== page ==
Attorney General's "Stray Voltage" Electrical Pollution Hearing Against Consumer's Energy, September 16 to October 5.

A case requesting that Consumers Energy, Jackson, MI, stop using the earth as a conductor for uncontrolled electricity has been pending before the Michigan Public Service Commission (PSC) since 1998. Frank J. Kelley, former Attorney General of Michigan, filed the complaint with the PSC after hundreds of dairy farmers, some hog producers, and dog kennel operators had complained that the uncontrolled voltage or current was shocking their livestock and causing damage. Farmers claim uncontrolled electricity causes uncontrollable behavior, poor health, and decreased milk production of cows.

Staff of present Attorney General, Jennifer Granholm, and attorneys for Consumers Energy have continued to file testimony and motions before, Daniel J. Nickerson, Administrative Hearing Officer for the case before the PSC. Mr. Nickerson was Chairman of a Stray Voltage Task Force Report to the PSC in 1993.

Cross-examination of witnesses will begin September 16, 2002 at the Michigan Public Service Commission, 6545 Mercantile Way, Lansing. (off S. Pennsylvania Avenue, near I-96 Exit 104)

The Attorney General's complaint claims that Consumers Energy has known about their stray voltage problem since the early 1980's; that Consumers has paid out millions of dollars in payments for attorney's fees, for expert witnesses, and damage payments to farmers, etc. because of their improper grounding system which does not comply with National Electric Safety Code (NESC) standards.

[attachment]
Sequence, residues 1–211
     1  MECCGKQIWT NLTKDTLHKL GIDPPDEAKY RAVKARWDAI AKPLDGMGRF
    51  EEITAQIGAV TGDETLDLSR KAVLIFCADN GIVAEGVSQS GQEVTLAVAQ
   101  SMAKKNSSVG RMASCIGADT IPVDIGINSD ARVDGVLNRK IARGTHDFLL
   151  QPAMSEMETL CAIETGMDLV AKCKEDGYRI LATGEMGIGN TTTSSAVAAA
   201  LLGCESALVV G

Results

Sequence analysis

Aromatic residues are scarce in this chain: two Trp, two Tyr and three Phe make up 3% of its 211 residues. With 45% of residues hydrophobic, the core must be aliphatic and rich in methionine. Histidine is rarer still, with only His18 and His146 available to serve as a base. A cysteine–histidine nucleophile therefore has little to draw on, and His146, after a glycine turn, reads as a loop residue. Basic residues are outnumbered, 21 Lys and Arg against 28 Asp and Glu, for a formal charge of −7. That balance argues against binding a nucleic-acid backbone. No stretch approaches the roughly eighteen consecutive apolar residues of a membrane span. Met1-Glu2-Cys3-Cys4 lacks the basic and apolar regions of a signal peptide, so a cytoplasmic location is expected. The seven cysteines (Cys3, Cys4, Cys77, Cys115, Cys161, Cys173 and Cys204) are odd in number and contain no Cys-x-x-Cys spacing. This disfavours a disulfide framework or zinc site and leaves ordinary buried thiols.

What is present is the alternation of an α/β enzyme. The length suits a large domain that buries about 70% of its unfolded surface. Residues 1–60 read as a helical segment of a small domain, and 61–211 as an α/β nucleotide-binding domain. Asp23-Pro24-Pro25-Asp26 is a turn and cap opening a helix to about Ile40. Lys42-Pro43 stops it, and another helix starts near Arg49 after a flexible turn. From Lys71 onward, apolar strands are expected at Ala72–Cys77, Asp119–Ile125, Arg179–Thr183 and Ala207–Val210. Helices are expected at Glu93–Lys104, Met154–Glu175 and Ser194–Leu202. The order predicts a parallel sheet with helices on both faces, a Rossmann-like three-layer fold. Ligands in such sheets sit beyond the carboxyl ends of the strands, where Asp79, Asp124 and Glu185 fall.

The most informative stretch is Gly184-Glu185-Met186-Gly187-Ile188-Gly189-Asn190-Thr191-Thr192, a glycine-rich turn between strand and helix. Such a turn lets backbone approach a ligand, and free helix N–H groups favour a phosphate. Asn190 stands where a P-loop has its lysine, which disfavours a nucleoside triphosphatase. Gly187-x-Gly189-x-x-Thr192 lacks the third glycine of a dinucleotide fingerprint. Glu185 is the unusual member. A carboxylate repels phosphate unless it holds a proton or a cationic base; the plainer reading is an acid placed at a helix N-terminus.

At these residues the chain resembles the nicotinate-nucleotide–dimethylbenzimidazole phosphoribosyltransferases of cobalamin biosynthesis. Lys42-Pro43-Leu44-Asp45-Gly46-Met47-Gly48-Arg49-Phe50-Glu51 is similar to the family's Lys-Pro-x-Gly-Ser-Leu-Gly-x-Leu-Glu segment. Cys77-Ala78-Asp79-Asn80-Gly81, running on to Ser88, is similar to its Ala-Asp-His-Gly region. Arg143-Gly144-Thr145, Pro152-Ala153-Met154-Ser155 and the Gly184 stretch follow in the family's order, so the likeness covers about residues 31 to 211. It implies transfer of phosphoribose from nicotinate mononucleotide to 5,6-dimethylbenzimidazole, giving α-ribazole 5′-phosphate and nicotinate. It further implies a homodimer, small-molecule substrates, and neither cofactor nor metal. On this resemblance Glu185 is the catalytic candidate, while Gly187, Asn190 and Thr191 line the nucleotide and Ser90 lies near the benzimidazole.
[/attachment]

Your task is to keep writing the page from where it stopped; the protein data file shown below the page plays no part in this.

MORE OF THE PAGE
The complaint requests the Michigan Public Service Commission to grant relief to citizens, ratepayers, and stockholders by: (A) issuing an order requiring Consumers to cease and desist from allowing stray voltage or current from its electrical system into and onto private property. (B) requiring Consumers to upgrade and improve its electric system up to the standards of the current NESC. (C)Require Consumers to operate and maintain its electric system so as to permanently eliminate the utility's electric distribution system as a source of stray voltages or currents, (D) ---eliminate the undue and unreasonable disadvantage and prejudice currently being imposed on rural farms and the rural farming communities, as well as the inferior service. (E) Conduct rate hearings to identify and quantify any and all direct and indirect stray voltage related costs incurred by Consumers. (F) Establish reasonable and prudent electric rates by removing any and all direct and indirect stray voltage related costs in jurisdictional electric rates, and (G) Issue an order granting other equitable relief that protects and safeguards Michigan citizens, the Michigan dairy and livestock industry, as well as the entire farming community and related agricultural support industries. (Signed Freank J. Kelley, Attorney General, J. Peter Lark, Assistant in Charge, and Robert L. Mol, Assistant Attorney General, Special Litigation Division. Mr Mol has been replaced by Michael E. Moody, Assistant Attorney General who has been carrying the case load since October 2001. Mr. Kelley retired and was replaced by Jennifer Mulhern Granholm, elected in 2000.

A whole new understanding of the sources and causes of uncontrolled electric currents "stray voltage" has been discovered since the last PSC stray voltage report in 1995. At that time Consumers Energy had 355 farmer complaints about their stray electricity affecting dairy cows, pigs, and dogs in kennels.